First, the Digital Twin will be enriched extensively with real-time data. Thanks to miniaturised sensors, faster communication technologies, and combined edge and cloud computing, autonomous drones will be able to create Digital Twins in real time — perhaps not in every city, but in a few pioneering ones. Critical infrastructure protection is one important application for real-time, data-enriched Digital Twins. That is a Smart Digital Reality – when technologies create intelligent digital reality solutions that fuse physical and digital realms and deliver actionable intelligence to support scenario planning, situational analysis and accurate, real-time decision-making.  The ability to monitor critical infrastructure through augmented reality in real-time will allow security personnel to detect potential defects or sabotage early and act accordingly.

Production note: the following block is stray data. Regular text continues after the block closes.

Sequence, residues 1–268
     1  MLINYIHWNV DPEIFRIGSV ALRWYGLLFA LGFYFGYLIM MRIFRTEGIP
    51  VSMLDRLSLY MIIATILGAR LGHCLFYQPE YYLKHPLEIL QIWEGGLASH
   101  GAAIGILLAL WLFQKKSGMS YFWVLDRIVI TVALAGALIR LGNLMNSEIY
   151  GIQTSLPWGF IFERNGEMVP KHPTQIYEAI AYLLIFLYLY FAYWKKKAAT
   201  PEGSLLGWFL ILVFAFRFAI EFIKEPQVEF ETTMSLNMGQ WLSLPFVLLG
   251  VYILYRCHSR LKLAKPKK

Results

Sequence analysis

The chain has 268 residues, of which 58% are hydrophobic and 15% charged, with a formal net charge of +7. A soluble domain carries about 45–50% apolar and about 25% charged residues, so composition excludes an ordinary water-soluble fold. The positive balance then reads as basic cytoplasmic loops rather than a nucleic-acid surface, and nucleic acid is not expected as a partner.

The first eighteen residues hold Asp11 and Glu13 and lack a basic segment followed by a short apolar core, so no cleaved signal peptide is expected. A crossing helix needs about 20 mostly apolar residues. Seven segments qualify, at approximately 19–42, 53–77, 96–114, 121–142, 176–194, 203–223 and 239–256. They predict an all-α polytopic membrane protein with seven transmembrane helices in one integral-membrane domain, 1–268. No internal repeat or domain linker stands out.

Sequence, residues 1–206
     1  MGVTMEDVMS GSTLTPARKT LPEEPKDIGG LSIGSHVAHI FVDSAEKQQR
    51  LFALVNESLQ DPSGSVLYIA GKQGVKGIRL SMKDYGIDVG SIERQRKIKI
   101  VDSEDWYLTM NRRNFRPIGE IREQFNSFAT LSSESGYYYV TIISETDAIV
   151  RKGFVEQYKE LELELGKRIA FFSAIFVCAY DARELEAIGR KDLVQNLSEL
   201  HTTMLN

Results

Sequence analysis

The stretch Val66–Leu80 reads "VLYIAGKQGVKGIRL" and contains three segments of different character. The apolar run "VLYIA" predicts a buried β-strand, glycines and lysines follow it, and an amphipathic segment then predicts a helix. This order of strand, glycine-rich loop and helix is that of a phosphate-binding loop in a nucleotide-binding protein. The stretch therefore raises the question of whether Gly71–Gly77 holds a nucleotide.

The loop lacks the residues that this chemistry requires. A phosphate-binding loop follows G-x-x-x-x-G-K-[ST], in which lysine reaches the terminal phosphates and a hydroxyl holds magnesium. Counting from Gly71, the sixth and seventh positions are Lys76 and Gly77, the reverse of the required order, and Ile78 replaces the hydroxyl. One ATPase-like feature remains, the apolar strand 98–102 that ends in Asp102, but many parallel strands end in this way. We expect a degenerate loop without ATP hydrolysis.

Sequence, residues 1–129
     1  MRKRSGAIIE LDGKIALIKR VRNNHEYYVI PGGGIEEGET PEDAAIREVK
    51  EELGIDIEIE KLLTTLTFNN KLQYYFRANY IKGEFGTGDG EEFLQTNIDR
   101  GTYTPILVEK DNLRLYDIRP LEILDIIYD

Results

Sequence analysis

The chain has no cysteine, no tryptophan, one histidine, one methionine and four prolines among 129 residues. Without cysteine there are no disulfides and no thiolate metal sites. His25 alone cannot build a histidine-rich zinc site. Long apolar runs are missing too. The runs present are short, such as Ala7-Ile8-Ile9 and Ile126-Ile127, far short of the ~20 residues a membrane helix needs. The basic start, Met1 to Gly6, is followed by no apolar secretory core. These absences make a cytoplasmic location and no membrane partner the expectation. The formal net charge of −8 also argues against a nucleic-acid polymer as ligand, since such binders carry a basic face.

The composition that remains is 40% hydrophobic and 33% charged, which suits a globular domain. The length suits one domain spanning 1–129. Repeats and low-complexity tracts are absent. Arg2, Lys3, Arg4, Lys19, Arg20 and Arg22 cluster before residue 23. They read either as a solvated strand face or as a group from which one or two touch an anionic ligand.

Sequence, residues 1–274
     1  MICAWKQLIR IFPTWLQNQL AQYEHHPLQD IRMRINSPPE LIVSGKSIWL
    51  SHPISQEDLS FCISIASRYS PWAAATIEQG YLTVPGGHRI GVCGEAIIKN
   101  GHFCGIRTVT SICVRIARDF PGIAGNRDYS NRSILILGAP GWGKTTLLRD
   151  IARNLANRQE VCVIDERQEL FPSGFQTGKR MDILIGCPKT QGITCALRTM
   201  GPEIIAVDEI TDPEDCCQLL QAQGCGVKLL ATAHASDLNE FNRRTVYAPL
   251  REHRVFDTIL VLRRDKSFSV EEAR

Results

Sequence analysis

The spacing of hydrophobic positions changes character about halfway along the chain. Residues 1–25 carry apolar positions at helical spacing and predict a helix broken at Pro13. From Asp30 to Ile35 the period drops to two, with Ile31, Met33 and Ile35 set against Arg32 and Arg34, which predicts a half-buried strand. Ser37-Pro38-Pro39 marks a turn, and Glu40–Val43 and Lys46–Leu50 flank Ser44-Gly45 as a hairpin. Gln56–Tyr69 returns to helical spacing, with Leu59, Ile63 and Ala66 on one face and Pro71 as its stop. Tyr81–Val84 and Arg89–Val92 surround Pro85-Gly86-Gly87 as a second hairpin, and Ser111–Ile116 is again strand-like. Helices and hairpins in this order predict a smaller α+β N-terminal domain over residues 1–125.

Second, Digital Twins will deliver a more real-life-like experience due to rapidly increasing processing and visualisation capacities. Fusing aerial imagery with street-level and terrestrial data will allow for a more immersive representation of complex urban space. Merging digital models of the interior of buildings with digital models of their exterior puts everything in context. Meanwhile, a continuous data stream supplied by sensors mounted on driving vehicles can keep these 3D representations up to date.

Third, the physical and the digital worlds will become increasingly seamless, and we will engage with it more actively and directly. City planners will do wind simulations before approving new buildings to understand their impact on the city’s climate. Enhanced simulation technology will change the way employees are trained, enabling train drivers, for example, to practice safety scenarios in digital space. Music aficionados, meanwhile, can attend concerts held at far-flung locations through their virtual avatar.